Thursday, April 26, 2012

My Panama Journals...1987 - 1991 Chapter Three

Just Another Pretty Face in the Crowd - late 1988 to late 1989

She had reached an impasse, like a stairway to heaven with half the rungs missing.  She loathed being used.  She muted her disappointment and frustration at the realization her training with the Panamanian systems analyst at the army post was a sucker punch.  She'd been her own.  Promises of schooling and climbing the career ladder dangled before her like a carrot leading a poor donkey to places it did not need or want to go.

She had no voice for her husband's sake.  His career left zero tolerance for any complications of a wife burned out on hypocrisy and lies, as for some odd reason they worked in the same building together, at opposite ends.  She had been counting the few days left to the end of October when they could escape back to the states and she would be where she was happier.  She had endured, but she had waited in vain...her feet kicked out from under her again by the one she trusted most.

Her husband had signed up for another two years and she was told the news that evening.  Working a level 12 job at a level 5 pay scale - deserted by her Panamanian mentor who was granted vacation time at the government's year end budget fiasco - working at supervisor level with the burden of $$$$$$ on her shoulders, even though she was in reality just a peon, a nobody, someone they all could blame if the budgets were screwed; she let October pass,  then she ended it all...she quit.

The first time in her life since her teenage years, she was free.  Free to do what she hadn't quite figured out.  She wasn't in the best of places to do much of anything, except stagnate at their house on Morgan Avenue, Panama City, Country of Panama, Central America, meeting point of Northern and Southern Hemispheres, Earth, Universe...she was so doomed.

Pepsi on rocks, feet propped up on the hassock, leaning back on her pretty blue plaid couch she had purchased before her marriage, she closed her eyes and let all her thoughts crowd to the surface like a rush of starving piranhas.  Two years down...two years to go...seemed like a death sentence at that moment.

Many Faces of Panama Churches

Church of the Black Christ

Her Panama was filled with hostility and tension, sporadic demonstrations, and harassment's by the PDF, Panamanian Defense Force...but those trials and tribulations were another world to her.  She saw little of it.  In her sheltered mind it didn't exist.  She manipulated her thoughts to protect herself from the despair of total isolation from her family except for the occasional overseas phone calls or her much more affordable hand written letters.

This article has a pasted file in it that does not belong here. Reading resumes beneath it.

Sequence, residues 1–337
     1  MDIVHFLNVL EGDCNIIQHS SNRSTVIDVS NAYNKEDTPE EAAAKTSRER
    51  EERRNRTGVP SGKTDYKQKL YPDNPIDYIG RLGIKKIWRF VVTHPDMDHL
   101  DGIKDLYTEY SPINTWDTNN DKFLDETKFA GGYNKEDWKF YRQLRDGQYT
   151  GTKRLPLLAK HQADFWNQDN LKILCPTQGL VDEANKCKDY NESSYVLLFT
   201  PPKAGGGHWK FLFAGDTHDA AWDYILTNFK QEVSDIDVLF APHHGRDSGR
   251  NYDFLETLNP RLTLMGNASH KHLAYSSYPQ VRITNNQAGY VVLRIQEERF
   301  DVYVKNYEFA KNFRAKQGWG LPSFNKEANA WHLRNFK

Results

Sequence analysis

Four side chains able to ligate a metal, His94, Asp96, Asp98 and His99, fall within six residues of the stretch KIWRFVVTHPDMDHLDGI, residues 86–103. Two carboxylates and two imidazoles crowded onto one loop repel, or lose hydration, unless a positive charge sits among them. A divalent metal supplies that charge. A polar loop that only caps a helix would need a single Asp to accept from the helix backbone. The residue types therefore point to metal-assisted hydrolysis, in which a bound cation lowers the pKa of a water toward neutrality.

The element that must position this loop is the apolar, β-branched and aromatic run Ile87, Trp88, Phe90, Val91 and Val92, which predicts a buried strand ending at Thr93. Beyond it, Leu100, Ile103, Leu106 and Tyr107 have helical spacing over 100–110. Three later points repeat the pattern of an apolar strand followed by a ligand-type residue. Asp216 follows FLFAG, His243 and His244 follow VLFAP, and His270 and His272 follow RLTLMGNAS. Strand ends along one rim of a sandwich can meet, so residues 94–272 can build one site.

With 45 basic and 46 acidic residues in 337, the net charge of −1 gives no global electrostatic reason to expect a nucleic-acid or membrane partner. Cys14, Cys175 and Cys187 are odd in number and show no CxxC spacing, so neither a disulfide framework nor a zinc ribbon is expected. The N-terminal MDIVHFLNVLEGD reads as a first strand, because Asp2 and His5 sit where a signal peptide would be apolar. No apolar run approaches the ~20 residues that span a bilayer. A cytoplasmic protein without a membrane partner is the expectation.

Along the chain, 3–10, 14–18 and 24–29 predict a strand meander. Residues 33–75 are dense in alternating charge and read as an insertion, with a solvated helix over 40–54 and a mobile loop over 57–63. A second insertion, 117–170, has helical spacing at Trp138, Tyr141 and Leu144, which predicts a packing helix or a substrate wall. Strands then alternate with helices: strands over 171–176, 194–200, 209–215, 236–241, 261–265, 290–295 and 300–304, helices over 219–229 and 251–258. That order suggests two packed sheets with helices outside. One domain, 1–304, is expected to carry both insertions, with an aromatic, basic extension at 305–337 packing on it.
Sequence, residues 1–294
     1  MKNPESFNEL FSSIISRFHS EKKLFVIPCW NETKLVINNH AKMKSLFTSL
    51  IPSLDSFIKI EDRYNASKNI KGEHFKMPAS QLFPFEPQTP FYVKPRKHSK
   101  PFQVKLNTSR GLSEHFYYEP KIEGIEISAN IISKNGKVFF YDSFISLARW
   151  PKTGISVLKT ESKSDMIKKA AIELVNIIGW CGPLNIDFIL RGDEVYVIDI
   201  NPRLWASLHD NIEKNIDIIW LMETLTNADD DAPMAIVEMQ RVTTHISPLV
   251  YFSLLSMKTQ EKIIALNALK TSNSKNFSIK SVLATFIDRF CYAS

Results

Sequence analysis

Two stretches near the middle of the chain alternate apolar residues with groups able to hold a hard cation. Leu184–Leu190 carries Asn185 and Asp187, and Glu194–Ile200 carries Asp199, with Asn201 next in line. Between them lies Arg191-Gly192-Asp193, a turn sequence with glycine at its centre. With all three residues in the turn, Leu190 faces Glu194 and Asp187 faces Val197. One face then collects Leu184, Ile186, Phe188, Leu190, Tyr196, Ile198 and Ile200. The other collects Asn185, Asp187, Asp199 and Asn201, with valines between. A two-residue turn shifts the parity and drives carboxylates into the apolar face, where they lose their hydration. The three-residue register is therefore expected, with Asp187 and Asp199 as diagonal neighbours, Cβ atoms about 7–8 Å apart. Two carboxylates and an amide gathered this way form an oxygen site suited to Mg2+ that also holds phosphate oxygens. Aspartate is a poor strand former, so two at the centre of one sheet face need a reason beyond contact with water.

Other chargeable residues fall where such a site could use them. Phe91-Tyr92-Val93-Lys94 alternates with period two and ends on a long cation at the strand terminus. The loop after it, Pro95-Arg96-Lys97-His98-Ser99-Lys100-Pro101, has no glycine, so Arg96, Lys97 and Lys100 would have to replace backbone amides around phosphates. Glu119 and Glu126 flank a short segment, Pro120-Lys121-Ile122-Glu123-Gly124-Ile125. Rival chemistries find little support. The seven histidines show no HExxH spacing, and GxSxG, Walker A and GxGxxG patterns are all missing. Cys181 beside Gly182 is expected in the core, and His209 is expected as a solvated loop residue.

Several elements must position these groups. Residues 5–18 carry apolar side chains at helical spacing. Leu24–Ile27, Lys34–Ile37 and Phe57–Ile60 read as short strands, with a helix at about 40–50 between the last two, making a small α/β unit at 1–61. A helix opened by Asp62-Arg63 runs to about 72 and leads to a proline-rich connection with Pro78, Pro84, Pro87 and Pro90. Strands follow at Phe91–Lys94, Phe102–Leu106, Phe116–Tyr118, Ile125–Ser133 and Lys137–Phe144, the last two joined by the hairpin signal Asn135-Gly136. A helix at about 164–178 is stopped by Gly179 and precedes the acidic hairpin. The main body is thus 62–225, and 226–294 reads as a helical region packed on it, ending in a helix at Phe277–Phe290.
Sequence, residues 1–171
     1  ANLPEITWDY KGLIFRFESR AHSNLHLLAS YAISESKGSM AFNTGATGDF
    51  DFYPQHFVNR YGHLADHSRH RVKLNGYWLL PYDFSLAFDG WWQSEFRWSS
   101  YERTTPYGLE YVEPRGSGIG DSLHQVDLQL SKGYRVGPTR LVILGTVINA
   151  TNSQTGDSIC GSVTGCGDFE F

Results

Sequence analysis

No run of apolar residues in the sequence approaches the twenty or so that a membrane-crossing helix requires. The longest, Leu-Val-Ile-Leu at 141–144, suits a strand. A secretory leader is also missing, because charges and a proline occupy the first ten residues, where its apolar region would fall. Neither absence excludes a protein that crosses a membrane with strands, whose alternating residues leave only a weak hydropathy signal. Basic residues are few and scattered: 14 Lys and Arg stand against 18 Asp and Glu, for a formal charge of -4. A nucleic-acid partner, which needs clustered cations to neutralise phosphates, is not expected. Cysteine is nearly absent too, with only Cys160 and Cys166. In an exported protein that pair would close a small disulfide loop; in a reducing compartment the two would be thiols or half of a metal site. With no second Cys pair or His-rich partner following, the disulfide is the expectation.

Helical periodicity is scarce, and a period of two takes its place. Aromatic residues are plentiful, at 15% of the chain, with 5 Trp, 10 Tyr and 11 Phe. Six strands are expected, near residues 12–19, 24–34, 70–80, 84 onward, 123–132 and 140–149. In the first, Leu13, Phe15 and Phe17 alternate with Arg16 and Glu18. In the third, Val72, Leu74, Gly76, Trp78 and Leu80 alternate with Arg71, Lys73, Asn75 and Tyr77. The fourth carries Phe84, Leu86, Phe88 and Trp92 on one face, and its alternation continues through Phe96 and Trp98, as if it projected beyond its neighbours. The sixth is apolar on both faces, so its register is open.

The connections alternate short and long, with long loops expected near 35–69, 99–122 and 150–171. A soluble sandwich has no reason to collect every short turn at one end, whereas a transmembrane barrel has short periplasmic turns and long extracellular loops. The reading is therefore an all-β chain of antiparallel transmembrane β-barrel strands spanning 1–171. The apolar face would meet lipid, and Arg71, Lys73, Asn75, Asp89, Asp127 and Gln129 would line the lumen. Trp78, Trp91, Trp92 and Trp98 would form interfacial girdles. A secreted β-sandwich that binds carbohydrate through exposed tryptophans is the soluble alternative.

Driving through areas without rich housing trapped her in a suffocating car with windows always rolled up, doors always locked, no jewelry ever worn, and her purse always tucked under her seat out of sight of hungry eyes.  The have not's always wanted what the have all's had, and she was a have all.  She was frustrated that she was perceived that way...she whose husband was in debt and had dragged her to the ends of the earth to wipe out that burden of no money.

Thatched Beach Huts

Primitive Spinning Top Toy

Here she was again...a prisoner with her husband in their own car...trying to dodge the men at the intersections with soapy water dripping squeegees rushing to try and wash their car windows for a buck when red lights forced them to stop.  She was guessing the speed they needed to reach each intersection while the light was still green.  She had no intentions of paying more than a buck a trip, but she often failed.  She hated all this entrepreneur aggression.

Finally, she stepped out of her car at the brick oven pizza place complete with a transvestite hooking on the corner and an enterprising 'racketeer' appearing out of the shadows to protect her car from thieves.  She knew from experience she would pay the extortionist.  She would pay the thief not to steal from her.  She always preferred coming back to her car with all four tires still attached. 


Outdoor Bar and Restaurant

She ventured to the Panamanian super markets and stores for something different than the PX.  She found her variety of neat stuff, but her Panamanian friends assured her she was paying too much...much more than any local would pay.  Prices were always hiked for the US civilian and military...partly because it was so easy for a business owner to do with the language barrier, and her kind was always looked upon as being rich.  She wished she didn't always have that 'Made in the USA' stamped on her forehead.  She wished it wasn't always assumed she was what she wasn't.  She wished she didn't have to have so many wishes.  She wished she wasn't always wishing her life away.   

Panama Chiva Bus Pottery

Food made her happy.  Good food made her happier.  Excellent food made her ecstatic!  She loved being ecstatic, and she had her favorites to visit more than less.  She was having a love affair with boiled shrimp and sauteed shrimp.  She couldn't get enough.  The only dish she ever had at Manolas was the potato salad chocked full of boiled shrimp, and a large cup of the best cappuccino in the universe with a dusting of cinnamon.

She and husband enjoyed meals outdoors along Via Argentina, rain or shine, with plenty of car exhaust fumes billowing into the air.  She had become a fan of El Trapiche with its tall tables and chairs...corvine seviche, patacones, carimanolas, beans and rice, and those awful pickled beet slices served as the veggie with every meal that she finally acquired a tolerance for.